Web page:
Modern day fiat pay dirt
6. All that glitters is not gold.
While the concept of shiny things not necessarily equating value precedes gold mining, the expression gained currency among gold miners and prospectors especially when describing the irrational exuberance of “johnny come latelies” when they these hapless fellows thought they had “struck gold” when indeed all they had found was worthless fool’s gold.
Today, we say “all that glitters in not gold” to describe opportunities that seem too good to be true.
7. Johnny Come Lately
Definition: a late or recent arrival.
According to Merrium Webster’s Dictionary this term first came into existence in 1839 – just ten years before the California Gold Rush of 1849. Mining camps of the mid- 19th century were constantly receiving new arrivals or “Johnny Come Latlies” who had “gone west” to “strike it rich”. For many Johnny Come Latelies the journey didn’t ‘pan out” and they returned east penniless.
Today, we say someone new to an endeavor is a “Johnny Come Lately”.
8. Gold Fever
Someone was said to have “gold fever” when they were delirious at the prospect of joining the “gold rush” and heading west to “stake a claim”.
Today, we say someone has gold fever when they catch an obsession to make a lot of money. “He’s caught ‘gold fever’.” Gold Fever is also a long running television series on the Outdoor Channel about prospecting for gold.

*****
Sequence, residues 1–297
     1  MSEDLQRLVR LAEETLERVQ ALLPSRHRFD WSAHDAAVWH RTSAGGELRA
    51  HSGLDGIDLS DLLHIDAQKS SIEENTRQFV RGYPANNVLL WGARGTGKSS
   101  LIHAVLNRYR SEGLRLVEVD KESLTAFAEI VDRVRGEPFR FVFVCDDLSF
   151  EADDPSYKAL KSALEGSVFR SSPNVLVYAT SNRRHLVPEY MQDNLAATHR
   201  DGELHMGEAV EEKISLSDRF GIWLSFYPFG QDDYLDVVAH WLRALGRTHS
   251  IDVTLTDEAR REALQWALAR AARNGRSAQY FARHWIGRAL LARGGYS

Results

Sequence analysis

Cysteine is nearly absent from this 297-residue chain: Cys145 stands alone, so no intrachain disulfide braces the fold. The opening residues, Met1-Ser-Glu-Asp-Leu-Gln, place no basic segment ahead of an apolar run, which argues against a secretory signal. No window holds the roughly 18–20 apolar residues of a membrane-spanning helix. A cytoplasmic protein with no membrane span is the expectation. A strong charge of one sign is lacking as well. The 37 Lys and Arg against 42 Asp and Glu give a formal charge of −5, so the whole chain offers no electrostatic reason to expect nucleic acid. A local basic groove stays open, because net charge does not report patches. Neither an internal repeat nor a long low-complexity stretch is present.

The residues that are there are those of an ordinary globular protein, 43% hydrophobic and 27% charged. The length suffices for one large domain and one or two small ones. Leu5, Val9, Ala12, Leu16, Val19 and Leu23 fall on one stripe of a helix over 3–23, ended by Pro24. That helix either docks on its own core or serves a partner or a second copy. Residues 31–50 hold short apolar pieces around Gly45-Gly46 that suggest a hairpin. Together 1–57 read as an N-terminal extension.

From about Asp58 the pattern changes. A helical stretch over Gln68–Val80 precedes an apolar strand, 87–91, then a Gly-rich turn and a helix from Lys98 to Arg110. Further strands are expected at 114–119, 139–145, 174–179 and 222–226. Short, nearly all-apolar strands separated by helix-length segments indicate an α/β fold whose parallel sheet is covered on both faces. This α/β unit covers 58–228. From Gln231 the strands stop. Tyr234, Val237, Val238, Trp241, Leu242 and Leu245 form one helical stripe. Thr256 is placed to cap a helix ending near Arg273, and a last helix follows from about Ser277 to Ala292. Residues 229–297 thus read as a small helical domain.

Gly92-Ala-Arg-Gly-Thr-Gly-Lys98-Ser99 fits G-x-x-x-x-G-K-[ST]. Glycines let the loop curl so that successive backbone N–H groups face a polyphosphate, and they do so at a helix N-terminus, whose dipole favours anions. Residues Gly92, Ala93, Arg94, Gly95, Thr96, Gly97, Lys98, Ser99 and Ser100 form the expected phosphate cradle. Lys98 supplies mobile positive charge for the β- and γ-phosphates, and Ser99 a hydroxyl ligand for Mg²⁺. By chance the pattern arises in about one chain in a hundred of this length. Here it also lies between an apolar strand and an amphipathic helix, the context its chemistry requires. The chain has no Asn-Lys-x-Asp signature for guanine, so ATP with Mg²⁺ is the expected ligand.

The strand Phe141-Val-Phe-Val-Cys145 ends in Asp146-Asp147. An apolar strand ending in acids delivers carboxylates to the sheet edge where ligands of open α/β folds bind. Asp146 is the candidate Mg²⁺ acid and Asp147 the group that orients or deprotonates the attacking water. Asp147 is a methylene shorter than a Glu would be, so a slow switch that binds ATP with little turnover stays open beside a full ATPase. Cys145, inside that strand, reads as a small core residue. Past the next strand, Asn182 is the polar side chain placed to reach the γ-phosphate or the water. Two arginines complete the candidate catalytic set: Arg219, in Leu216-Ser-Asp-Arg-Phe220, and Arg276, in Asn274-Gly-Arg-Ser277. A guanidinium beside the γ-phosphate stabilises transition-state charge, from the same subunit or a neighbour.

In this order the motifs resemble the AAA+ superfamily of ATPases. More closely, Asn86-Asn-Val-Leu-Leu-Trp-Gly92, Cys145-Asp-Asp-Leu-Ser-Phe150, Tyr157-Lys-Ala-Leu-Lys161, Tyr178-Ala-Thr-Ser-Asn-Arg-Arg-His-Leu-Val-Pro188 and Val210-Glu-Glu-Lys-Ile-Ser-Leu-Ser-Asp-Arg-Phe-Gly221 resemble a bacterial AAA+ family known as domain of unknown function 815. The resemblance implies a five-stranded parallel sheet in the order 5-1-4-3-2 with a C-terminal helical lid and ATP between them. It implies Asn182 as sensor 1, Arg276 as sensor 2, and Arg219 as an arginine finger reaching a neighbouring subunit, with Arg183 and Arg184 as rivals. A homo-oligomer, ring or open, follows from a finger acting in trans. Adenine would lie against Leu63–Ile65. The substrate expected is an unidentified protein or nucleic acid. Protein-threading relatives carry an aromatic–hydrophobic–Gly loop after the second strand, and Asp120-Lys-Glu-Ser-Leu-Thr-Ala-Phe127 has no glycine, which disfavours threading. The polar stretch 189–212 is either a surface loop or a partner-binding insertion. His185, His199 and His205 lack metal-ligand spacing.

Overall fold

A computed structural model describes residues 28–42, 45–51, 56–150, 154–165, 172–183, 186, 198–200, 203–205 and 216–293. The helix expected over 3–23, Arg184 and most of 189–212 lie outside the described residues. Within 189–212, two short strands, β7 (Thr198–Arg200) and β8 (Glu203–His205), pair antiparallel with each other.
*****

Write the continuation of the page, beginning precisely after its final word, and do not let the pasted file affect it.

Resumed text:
Gratuitous photo of golden retreiver with ‘fever’.
9. Strike gold/strike it rich/ (see also hit “pay dirt”)
When a miner found gold with his mining equipment, he was said to “strike gold” which meant he had “struck it rich”.
Today, we use the term “strike it rich” to describe one who has become rich suddenly through any means irrespective of the use of gold mining implement. “He ‘struck it rich’ when he wont the lottery.”
The term “49ers” was used to describe the group of young men who headed west in 1849 soon after gold was discovered in California.
Today, The San Francisco 49ers are an American football team named after those who sought “pay dirt” in the “gold rush” of 1849.
How Gold Didn’t Get its Symbol on the Periodic Table of Elements
There is an apocryphal tale that describes how gold became “Au” on the periodic table of elements during the ‘gold rush’ era of the mid nineteen century.
As “Johnny Come Latelies” swarmed the mining districts in the western United State in the mid 19th century, many arrived to “stake their claims” but found nearly all the best gold mines had been taken. Undetered, these intrepid 49ers would begin mining vacant staked out claims. Inevitably, the owners of the claims would return, catch the Johnny Come Lateliesin the act and yell “Hey YOU that’s my claim”. Constant cries of “AU” around mines to ward off squatting miners led to the beleif that there was a substance “AU” in the mines, which led to the naming of gold on the periodic table as “AU”.
The real reason gold’s symbol is Au is that it is short of the Latin word for gold, ‘aurum’.